Nick Cumer, Dayton shooting victim from Western Pa., was ‘someone we all could look up to’
Nick Cumer spent many long days and nights at Washington High School polishing his craft on the trombone.
But, when he enrolled as a freshman at Saint Francis University, Cumer was told that the Cambria County school’s newly forming band had enough trombone players. What they needed was someone who played the tuba.
Without griping or hesitating, Cumer volunteered.
“If the band needs a tuba player, I’ll do it,” Cumer told the university band program’s director, Dan Atwood, when he joined the university’s inaugural band that day roughly seven years ago.
“That just speaks to his mentality and his approach to others — Nick was all about doing what he could to better the group,” Atwood recalled by phone Monday afternoon — a day after a gunman opened fire outside a crowded Dayton bar and took the lives of nine people, including Cumer’s.
Cumer was 25.
‘A friend you could rely on’
After earning a bachelor’s degree in exercise physiology, Cumer enrolled in Saint Francis’ graduate program to pursue a master’s degree in cancer care.
Just last week, Cumer found out that an internship with the Dayton-based Maple Tree Cancer Alliance had blossomed into an offer for a full-time job.
He had one more week to go to as an intern, then would prepare to run one of the newest offices of Maple Tree, whose nonprofit mission is to help people with cancer through nutrition, exercise and faith.
Cumer told Atwood how excited he was about landing the position, according to Atwood.
Maple Tree officials decided to close their offices all week and reopen Aug. 12 to allow staff the time to grieve and process the tragedy.
Cumer also was active in the university’s Greek life.
His fraternity brothers started an online fundraiser at Fundly.com to raise money to help his family cover funeral costs. About 250 donors had contributed nearly $10,000 by Monday night.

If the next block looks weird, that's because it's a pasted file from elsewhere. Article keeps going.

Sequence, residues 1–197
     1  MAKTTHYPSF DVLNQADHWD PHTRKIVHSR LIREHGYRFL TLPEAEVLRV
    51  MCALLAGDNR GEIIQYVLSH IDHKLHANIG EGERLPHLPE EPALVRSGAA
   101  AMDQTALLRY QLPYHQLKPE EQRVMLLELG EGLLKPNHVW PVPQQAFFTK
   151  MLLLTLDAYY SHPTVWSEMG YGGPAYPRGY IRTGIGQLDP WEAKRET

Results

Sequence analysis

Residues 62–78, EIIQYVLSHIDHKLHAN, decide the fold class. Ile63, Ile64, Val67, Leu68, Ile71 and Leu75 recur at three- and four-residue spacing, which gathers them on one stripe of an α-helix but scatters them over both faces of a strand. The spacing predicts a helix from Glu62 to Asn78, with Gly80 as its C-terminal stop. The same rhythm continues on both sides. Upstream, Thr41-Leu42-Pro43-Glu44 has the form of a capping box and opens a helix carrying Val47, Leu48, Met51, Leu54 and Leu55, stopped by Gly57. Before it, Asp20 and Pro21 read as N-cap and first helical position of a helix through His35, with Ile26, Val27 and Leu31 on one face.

Like Atwood, current and former fraternity and sorority members recalled Cumer’s positive energy and infectious smile.
“Nicholas Cumer was a man that we all could look up to and count on,” wrote the fundraising page’s organizer, Nick Johnson. “Nicholas had the personality and smile that would shine brighter than the hardest times. He was a friend you could rely on with unmatched compassion and support. Nick has left an impact on every life he came in contact with and will always be in our hearts.”
‘A loving and caring spirit’
Cumer was one of three trainers who worked at Maple Tree who were shot during the mass shooting in the Dayton’s historic Oregon district.
“While two are expected to make a full recovery, we are absolutely heartbroken to report that the third, Nicholas Cumer, was killed in this senseless act of violence,” Maple Tree officials wrote on Facebook.
Cumer’s supervisors said they will remember him “for his hard work and dedication.”
“He loved his patients and served them well, with a loving and caring spirit,” Maple Tree officials wrote. “He continuously went above and beyond our expectations and worked with a high level of excellence. He was well-liked and respected by everyone on our team.”
As graduate assistant for the university’s band, Cumer had both administrative and hands-on duties. He kept track of potential recruits, instructed groups on marching techniques and led ensemble music rehearsals, Atwood said.
“His sense of humor is something that I will always remember — and just his ability to connect with people of every background,” Atwood said. “He was always upbeat.”
The campus has planned a special Mass on Tuesday evening in honor of Cumer. A separate Mass is planned later in the week for grieving university band members and alumni.
Saint Francis’ next session of band camp starts Friday, and a tribute to Cumer will be an important piece of the agenda, Atwood said.
“The program would not be here where it is today without his commitment and his contributions to us,” Atwood said. “We were in Nick’s life for a short time, and it’s affecting all of us this deeply. I just cannot imagine what the family is going through at this point.”
In a statement, Cumer’s family asked for privacy.
“We are heartbroken at the loss of our Nicholas in this senseless act,” the family’s brief statement said.
Natasha Lindstrom is a Tribune-Review staff writer. You can contact Natasha at 412-380-8514, [email protected] or via Twitter .